40. Chapter VIII: Requirements for Language Assistance Services the Department uses for Language Assistance • Currently our Department has contracts with the following organizations to provide language assistance to our clients: • WWI (WorldWide Interpreters) for interpreter services • Tennessee Foreign Language Institute • Individual volunteers in the community who sign up to work for the Department (please see your area coordinator for a list of those who are in your area) • Bridges Refugee and Settlement Services (East Tennessee field offices)

  41. Chapter VI: Complaints of Discrimination COMPLAINTS OF DISCRIMINATION

  42. Chapter VI: Complaints of Discrimination COMPLAINTS OF DISCRIMINATION All complaints alleging discrimination on the basis of race, color, national origin, age, sex, disability or religious or political beliefs must be processed within the timeframes established by Department regulations and agreements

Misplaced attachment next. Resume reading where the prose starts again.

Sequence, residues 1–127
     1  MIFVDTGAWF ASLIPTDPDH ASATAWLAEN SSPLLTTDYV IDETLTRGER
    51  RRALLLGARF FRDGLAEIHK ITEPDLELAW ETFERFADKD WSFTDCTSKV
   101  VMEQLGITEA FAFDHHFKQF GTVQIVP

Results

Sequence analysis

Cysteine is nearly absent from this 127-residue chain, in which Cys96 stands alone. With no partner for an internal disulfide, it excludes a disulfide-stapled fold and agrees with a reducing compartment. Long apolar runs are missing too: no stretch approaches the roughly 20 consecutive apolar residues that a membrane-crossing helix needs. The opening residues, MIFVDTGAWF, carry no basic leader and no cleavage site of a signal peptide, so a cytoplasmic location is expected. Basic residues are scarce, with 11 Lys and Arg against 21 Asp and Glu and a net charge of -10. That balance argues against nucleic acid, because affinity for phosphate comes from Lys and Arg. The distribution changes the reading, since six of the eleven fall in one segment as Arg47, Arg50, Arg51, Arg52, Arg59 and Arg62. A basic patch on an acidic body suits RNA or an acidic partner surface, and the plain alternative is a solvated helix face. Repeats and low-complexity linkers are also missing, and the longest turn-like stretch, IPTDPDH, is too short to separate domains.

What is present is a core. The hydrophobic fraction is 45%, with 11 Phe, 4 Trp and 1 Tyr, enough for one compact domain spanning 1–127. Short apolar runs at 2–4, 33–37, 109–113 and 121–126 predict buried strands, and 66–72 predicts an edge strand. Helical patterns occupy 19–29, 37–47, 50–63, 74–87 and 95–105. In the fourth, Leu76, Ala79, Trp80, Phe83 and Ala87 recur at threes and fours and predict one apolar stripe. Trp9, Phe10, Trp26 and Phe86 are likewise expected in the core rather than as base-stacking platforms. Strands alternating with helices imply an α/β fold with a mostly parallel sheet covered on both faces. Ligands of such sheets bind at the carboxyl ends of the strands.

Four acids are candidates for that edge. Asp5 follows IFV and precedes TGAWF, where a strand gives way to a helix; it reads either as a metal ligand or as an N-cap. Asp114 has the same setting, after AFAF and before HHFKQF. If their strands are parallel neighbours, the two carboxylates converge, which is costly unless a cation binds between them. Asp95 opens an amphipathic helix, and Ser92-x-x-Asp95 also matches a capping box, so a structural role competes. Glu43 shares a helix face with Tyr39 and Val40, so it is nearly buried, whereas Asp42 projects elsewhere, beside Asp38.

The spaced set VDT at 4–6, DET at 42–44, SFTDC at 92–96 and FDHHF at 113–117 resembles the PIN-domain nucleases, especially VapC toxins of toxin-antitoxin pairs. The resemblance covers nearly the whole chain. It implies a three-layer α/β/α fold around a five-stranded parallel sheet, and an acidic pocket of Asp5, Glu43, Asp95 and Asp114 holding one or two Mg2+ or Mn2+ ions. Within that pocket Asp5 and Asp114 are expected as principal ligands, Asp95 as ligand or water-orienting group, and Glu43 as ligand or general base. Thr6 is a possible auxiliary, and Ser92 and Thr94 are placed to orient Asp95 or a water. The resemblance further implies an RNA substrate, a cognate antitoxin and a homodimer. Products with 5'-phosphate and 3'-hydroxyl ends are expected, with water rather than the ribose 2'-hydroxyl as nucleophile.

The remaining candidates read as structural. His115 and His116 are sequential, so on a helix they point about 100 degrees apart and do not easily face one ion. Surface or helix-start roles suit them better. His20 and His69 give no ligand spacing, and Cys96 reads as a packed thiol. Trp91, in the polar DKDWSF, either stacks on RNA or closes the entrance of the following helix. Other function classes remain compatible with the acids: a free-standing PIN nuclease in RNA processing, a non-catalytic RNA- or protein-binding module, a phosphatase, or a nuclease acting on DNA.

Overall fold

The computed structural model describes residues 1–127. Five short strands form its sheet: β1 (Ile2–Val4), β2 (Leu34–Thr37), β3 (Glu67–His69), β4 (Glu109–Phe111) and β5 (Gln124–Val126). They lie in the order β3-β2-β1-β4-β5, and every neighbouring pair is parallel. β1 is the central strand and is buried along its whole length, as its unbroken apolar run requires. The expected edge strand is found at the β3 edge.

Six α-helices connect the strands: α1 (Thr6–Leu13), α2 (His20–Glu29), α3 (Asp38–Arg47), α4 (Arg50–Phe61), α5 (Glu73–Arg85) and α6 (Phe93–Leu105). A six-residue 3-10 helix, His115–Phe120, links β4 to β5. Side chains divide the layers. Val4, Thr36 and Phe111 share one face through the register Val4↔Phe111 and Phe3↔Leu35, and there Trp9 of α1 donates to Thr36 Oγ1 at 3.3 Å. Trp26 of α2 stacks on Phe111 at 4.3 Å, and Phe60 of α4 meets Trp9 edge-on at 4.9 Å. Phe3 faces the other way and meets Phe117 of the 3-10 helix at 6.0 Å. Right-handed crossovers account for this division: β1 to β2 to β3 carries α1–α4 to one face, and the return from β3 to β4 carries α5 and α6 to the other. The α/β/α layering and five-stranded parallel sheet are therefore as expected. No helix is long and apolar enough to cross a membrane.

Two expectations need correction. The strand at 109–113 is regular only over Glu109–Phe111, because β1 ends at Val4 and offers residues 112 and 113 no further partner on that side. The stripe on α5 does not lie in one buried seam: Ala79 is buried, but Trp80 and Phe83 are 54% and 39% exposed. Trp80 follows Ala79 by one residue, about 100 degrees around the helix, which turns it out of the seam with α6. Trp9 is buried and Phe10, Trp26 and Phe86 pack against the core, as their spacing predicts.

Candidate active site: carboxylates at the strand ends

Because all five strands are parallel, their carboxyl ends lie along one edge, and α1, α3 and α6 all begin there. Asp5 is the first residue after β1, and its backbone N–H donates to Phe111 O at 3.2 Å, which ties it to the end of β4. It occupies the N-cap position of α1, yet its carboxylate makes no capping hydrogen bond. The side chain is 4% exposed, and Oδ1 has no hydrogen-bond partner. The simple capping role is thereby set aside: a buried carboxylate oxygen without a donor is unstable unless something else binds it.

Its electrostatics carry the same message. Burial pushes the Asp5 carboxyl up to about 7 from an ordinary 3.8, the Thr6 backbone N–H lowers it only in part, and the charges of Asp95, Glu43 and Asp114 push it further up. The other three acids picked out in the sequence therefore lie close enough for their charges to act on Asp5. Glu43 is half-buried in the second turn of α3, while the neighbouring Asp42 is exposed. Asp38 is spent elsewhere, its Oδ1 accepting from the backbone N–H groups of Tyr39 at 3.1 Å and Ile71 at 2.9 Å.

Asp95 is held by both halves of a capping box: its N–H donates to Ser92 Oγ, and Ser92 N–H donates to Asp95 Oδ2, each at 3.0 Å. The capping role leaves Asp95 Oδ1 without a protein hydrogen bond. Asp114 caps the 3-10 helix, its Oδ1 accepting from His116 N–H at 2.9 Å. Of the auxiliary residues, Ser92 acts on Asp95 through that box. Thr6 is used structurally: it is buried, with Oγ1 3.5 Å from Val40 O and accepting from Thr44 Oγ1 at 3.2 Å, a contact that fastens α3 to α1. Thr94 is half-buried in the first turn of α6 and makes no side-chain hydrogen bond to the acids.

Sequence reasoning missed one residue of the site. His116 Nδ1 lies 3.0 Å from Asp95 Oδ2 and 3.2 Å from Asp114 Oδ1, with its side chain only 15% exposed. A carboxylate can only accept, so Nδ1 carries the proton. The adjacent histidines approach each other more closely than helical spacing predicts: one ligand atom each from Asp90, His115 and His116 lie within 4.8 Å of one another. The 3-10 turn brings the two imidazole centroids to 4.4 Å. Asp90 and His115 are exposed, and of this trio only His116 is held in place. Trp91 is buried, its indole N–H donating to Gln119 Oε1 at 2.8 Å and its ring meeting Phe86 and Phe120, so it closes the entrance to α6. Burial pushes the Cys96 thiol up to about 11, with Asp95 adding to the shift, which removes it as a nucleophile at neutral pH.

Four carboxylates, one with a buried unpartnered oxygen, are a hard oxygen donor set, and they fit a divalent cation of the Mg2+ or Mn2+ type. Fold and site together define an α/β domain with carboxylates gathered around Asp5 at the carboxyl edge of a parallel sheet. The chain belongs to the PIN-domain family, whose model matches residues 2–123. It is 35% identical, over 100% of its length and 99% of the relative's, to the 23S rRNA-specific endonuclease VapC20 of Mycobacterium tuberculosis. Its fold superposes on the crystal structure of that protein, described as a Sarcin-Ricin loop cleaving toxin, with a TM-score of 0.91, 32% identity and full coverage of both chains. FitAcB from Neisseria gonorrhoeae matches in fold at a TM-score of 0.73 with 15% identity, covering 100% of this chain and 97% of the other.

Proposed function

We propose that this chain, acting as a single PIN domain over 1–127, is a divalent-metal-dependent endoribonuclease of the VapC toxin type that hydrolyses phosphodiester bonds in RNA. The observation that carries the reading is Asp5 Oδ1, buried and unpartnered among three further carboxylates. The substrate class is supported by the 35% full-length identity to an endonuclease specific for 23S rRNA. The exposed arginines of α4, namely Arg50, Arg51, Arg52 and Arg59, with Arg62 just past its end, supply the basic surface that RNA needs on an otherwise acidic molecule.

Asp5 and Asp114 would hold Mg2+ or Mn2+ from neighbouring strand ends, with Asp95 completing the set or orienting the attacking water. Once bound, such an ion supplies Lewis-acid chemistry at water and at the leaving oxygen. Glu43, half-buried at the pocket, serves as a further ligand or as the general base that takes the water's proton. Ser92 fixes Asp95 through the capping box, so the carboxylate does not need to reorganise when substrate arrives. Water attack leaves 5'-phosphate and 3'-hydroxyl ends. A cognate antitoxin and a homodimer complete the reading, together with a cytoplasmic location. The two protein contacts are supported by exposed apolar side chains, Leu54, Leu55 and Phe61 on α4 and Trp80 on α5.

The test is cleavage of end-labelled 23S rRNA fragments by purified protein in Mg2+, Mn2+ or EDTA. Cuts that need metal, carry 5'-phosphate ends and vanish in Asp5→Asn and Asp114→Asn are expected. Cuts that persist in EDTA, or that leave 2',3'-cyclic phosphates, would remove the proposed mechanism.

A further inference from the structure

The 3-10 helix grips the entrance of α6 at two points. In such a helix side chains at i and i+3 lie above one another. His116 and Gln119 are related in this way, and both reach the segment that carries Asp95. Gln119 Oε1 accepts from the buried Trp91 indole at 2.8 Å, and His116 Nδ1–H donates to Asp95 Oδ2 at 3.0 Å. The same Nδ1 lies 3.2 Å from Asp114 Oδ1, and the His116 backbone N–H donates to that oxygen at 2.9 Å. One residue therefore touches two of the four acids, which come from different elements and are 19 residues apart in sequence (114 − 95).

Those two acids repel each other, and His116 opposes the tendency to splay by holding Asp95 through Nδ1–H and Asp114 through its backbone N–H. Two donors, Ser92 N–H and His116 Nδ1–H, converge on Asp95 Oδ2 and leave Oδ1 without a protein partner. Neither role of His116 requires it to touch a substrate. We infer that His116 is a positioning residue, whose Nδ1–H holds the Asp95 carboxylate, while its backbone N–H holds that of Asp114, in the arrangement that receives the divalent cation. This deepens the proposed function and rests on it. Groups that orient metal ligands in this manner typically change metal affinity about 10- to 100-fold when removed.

43. Chapter VI: Complaints of Discrimination COMPLAINTS OF DISCRIMINATION Right to File: Any person or representative alleging discrimination based upon a prohibitive basis has the right to file a complaint within 180 days of the alleged discriminatory act

  44. Chapter VI: Complaints of Discrimination COMPLAINTS OF DISCRIMINATION Acceptance: All complaints, written or verbal, regarding Food Stamp/Food Program must be forwarded to the Civil Rights Compliance officer who will then forward the complaints to the regional FNS office. All other program complaints, written or verbal i.e.(TANF, Child Support, and Ten care/Medicaid) need be forwarded to the Civil Rights Compliance Officer located in the of the Office of General Counsel. Anonymous complaints will be handled the same as others to the extent feasible